KUALA LUMPUR — The Cabinet agrees that the Sedition Act should not be enforced pending its repeal, said Communications and Multimedia Minister Gobind Singh Deo.
He said on Wednesday Cabinet members were wholly supportive when the proposal was made.
The A-G has the full prerogative to decide prosecutions in the country, based on powers vested in him by the Federal Constitution.
“The decision was made that since we are going to abolish the Act, action under that Act should be suspended temporarily,” he told reporters at the Malaysiakini E-Commerce Entrepreneurship Summit yesterday.
The minister said the Cabinet’s decision will be communicated to Attorney-General Tommy Thomas for his action.
On Tuesday, Malaysian Bar president George Varughese reiterated his call to the government to immediately impose a moratorium on the Act pending the repeal.
Police have continued sedition arrests despite the pledged repeal, prompting questions over the ruling government’s sincerity in its promise to repeal the colonial-era law.
Prime Minister Tun Dr Mahathir Mohamad also said that unpopular laws remain enforceable so long as they exist, but it was not immediately clear if he was referring to this law specifically or in general.
Meanwhile on a separate matter, Gobind said the amount of money suspected to have been embezzled from the National Film Development Corp Malaysia (Finas) could be higher than the initial estimate of RM16 million.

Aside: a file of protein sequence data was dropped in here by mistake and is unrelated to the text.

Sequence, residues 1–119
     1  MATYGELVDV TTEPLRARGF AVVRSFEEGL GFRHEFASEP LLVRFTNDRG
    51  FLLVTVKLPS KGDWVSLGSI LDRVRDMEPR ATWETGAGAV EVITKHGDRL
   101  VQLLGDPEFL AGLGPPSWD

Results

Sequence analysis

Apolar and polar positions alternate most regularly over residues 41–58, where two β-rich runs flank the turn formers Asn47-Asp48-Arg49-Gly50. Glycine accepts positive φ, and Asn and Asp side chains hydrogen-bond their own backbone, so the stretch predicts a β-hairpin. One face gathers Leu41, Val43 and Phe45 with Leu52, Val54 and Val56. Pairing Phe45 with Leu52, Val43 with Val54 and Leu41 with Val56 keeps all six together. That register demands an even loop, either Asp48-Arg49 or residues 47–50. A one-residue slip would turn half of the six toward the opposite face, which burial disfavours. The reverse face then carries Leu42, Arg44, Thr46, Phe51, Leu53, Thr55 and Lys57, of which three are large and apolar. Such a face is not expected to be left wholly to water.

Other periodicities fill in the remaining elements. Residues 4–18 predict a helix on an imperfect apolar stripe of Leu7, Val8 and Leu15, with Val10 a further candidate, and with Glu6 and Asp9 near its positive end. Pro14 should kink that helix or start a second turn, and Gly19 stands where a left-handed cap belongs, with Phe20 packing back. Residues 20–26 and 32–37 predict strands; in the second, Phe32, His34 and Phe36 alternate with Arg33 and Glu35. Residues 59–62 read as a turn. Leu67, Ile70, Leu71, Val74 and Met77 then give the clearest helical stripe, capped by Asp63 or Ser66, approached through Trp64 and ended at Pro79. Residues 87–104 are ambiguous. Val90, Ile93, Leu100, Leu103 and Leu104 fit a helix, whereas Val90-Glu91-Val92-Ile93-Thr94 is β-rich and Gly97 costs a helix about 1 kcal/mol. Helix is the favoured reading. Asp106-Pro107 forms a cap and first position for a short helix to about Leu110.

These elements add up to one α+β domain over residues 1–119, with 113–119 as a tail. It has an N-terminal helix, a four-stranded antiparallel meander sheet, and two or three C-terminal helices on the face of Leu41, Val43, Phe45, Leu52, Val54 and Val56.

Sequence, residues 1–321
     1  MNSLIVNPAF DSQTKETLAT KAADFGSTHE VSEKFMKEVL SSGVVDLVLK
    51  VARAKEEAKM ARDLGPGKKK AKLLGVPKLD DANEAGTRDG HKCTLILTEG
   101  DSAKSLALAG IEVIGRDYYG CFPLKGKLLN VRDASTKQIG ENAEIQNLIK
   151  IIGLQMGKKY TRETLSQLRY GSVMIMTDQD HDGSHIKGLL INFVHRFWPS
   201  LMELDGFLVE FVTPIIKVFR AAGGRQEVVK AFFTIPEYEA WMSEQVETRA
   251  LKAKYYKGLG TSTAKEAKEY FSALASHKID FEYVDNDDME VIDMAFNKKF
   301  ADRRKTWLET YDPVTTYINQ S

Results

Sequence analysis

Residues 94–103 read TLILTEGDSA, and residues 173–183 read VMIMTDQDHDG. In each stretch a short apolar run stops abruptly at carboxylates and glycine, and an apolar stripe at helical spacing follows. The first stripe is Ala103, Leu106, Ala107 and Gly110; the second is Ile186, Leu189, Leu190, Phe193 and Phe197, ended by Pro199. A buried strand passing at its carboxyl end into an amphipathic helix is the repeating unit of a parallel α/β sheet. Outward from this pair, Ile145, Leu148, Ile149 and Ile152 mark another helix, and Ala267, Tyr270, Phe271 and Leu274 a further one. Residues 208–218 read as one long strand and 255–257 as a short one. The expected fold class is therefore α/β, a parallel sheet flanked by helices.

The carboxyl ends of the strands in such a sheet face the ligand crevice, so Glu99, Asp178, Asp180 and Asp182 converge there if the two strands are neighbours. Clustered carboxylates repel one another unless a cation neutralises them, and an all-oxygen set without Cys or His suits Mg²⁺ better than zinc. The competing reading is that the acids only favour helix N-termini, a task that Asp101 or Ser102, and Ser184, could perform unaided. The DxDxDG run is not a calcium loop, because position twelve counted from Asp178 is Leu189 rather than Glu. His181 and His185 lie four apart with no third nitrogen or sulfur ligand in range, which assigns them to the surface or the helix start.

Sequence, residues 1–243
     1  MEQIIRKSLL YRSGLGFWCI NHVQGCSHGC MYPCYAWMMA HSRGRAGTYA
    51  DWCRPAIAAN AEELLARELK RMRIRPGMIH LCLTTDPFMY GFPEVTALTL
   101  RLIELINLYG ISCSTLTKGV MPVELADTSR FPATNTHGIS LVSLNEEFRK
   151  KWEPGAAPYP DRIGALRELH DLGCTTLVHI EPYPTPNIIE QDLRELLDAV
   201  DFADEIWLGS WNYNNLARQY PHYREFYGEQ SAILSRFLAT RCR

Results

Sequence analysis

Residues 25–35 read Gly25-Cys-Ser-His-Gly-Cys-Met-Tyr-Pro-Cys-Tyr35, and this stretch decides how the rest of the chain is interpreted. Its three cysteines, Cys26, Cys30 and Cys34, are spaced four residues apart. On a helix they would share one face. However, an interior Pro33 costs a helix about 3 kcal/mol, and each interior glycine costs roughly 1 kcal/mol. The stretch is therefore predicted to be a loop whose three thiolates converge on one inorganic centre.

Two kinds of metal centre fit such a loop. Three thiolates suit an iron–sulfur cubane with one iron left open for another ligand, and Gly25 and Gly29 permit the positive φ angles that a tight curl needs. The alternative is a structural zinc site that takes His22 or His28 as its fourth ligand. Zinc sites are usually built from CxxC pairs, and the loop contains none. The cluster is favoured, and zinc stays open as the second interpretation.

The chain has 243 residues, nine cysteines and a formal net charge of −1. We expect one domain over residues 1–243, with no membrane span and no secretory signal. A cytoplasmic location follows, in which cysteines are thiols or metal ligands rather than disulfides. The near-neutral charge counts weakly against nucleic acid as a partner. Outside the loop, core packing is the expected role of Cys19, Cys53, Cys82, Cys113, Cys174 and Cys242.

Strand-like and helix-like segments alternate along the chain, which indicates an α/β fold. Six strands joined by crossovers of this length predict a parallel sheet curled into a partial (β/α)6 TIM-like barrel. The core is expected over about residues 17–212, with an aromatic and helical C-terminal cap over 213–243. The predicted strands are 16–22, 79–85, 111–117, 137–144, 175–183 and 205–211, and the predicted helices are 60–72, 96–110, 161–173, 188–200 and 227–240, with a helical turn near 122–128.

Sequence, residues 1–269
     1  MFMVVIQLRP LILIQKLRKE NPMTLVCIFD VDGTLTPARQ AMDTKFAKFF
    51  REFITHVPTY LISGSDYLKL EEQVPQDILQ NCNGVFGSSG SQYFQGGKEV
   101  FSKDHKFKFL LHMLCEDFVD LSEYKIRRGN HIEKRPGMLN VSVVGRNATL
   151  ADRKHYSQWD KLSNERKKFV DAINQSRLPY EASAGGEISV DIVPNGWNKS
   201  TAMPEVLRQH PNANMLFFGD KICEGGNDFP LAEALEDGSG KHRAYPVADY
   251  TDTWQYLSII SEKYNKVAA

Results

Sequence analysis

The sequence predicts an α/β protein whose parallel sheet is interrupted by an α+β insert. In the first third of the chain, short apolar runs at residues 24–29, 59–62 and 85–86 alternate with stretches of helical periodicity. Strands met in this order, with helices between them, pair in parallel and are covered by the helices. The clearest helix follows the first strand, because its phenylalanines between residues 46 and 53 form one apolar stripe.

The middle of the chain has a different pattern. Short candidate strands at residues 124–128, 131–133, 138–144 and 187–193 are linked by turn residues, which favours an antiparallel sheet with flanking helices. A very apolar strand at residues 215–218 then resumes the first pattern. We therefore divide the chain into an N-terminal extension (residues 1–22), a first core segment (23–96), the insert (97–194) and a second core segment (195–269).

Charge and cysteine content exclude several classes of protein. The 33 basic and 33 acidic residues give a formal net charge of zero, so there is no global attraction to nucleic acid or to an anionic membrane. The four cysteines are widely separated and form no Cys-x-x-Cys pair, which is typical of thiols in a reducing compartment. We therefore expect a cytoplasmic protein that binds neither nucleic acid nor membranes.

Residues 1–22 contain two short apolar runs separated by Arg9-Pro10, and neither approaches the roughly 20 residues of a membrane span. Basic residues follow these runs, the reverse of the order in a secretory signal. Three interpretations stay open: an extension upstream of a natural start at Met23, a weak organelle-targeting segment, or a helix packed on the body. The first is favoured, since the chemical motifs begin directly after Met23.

He said the Malaysian Anti-Corruption Commission (MACC) is investigating RM25 million missing from Finas.
He said his ministry, which oversees Finas, is in the process of carrying out an internal audit, and will submit its findings to the MACC for further probe as it involves numerous accounts.
He said he will provide more information once the audit is completed.
“The main thing is the audit will involve two matters, the first is Finas’ serious financial issues.
“Secondly, its financial system will have to be looked at, and as I said before, Finas is currently being restructured with its new board to be announced in a few days,” Gobind said.
He said the new board will also conduct its own checks of Finas’ previous affairs, and will include anything it finds in the audit report or make the relevant reports to either the MACC or police if the need arises.
Gobind denied that former Finas director-general Datuk Fauzi Ayob and his deputy Datuk Azmir Saifuddin Mutalib were relieved of their posts on Monday due to the investigations.
Fauzi and Azmir were temporarily replaced by ministry deputy secretary-general Shakib Ahmad Shakir and its finance division deputy secretary Fairul Azida Shahabudin, respectively.
“We changed them since we are bringing in a new team (the board) that will not only see what is happening, but also give me ideas on restructuring so that Finas can move forward.
“The film industry has expanded rapidly in the past few years, especially in this digital world. The whole industry is changing; hence, the need for a new board that can give new ideas for Finas to remain relevant,” he said, adding that it was not connected in any way to the missing funds.
It was earlier reported that in 2015 and 2016, RM16 million of Finas’ funds were provided to film production companies for seven films, but the films have yet to be released.